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Don said...


"if paleo man NEVER got foot fungal infections, why does the foot sweat anti-fungal chemicals?"

not to treat, but to prevent fungal infections. People who sweated anti-fungals would have fewer infections, hence better survival.

Less crowded toes definitely would protect against fungal infections. These generally take hold in moist, dark places, like folds of skin. High blood sugar also favors them, obese diabetics have the most trouble with cutaneous fungi.

In cold places, people (like Inuit) simply wore wide, fur-lined foot gear, like muk luks. Although closely spaced toes would offer a thermal advantage, they would confer much disadvantage in mobility and agility.

Got to remember, humans are originally and basically a tropical species (as our lack of fur witnesses), so the widely spaced toes would be the original.



Anonymous said...

I'm trying to figure out how to be barefoot in a cold environment. We have a good foot of snow here at the moment and I can't imagine walking around outside without boots and a few pairs of socks! I think I need to change my paradigm. Thank you for posting those photos, that is a lot of food for thought.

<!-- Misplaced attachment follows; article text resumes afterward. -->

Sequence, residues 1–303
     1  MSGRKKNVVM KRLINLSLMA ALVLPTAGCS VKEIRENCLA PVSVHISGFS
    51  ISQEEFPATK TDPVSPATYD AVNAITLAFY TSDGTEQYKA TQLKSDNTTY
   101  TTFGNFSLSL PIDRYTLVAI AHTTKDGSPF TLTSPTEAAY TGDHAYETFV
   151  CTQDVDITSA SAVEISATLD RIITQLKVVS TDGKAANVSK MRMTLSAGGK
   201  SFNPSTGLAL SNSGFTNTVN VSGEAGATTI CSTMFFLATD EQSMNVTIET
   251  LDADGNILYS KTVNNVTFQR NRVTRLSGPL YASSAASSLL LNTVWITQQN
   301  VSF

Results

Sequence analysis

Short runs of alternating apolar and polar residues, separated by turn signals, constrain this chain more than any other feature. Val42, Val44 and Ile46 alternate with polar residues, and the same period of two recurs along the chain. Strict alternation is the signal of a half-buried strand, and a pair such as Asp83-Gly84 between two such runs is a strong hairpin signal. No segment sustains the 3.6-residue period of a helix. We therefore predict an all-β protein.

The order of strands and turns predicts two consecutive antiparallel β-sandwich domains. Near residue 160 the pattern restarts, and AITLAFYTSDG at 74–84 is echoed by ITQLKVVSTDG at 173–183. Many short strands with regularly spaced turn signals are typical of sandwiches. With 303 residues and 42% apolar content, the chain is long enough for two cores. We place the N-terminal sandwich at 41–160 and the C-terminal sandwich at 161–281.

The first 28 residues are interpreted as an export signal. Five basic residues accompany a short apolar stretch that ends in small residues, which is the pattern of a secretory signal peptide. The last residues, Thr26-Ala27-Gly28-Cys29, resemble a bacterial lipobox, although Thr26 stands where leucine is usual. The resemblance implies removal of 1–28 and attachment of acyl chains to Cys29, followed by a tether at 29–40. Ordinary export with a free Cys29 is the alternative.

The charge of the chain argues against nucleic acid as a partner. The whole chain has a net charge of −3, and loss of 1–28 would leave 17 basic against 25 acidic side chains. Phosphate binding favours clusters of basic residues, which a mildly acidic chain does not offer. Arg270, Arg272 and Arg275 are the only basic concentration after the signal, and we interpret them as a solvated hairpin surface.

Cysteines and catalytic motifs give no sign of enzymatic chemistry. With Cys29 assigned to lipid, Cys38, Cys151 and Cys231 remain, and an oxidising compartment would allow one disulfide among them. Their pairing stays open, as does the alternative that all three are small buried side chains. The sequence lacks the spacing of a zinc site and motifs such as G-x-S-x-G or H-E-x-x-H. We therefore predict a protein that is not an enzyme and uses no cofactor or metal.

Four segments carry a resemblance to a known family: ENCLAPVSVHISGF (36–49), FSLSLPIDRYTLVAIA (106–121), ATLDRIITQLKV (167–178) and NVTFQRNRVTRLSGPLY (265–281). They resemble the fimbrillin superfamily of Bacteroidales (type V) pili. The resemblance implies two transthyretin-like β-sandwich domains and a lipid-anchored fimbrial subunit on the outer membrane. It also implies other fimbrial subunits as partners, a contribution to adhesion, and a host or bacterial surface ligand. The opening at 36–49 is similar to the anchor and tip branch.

Sanjeev said...

Hey Don

Are there any Feldenkrais practitioners near you?

I highly recommend you talk to one or 2, maybe email them this article and ask for an awareness through movement lesson on these themes.

If you manage to widen the contact patch of the ends of the metatarsals, you will change the way your foot torques the fibula and tibula, and the way the forces transmit up through these 2 bones into the knee, then the femur and pelvis.

I doubt your feet would have grown one way and your joints and ligaments and bones all up and down your body grew in a way that did not match.

and your nervous system in a way that did not match all of that.

There are a lot of ATM lessons that deal with this very issue.

Don said...

Hi Sanjeev,

I don't know. I have had MANY sessions with Feldenkrais practitioners (Jeff Haller and Nancy Denenberg), but not in Phoenix. I got some help from them but despite sessions and homework the method never relieved me of the post-injury issues I wanted to correct. Not even in combination with Rolfing, which I have had done twice.

Anonymous said...


Do you know of any research about the efficacy of the toe spreaders?

Don said...


No. Only my own experience.

Sanjeev said...

>> Jeff Haller and Nancy Denenberg), but not in Phoenix

wow - I wish I could get some sessions with Jeff.

sorry to hear it didn't work for you - It can be hit or miss (definite hit for me) and your mileage may vary, which is why I suggest the cheaper class approach to start.

Barehanded Matt said...

I've been running barefoot since 2007. My feet aren't yet primal, but they've come a long ways since my days as a shoe addict.

O'Brien said...

I don't know if you do yoga but the 'Primal' stance or Tadasana (Mountain) pose begins with balance the feet and spreading the toes. Enjoying your website.

Ergonomic Erik said...

Great post! Have been thinking about something like this for a while. Also found an alternative that can be worn inside shoes:

Catalina said...

I want the opposite of this! I have lots of spaces between my toes and I would like my toes to be closer....hehe I would prefer the first picture rather than the last one!!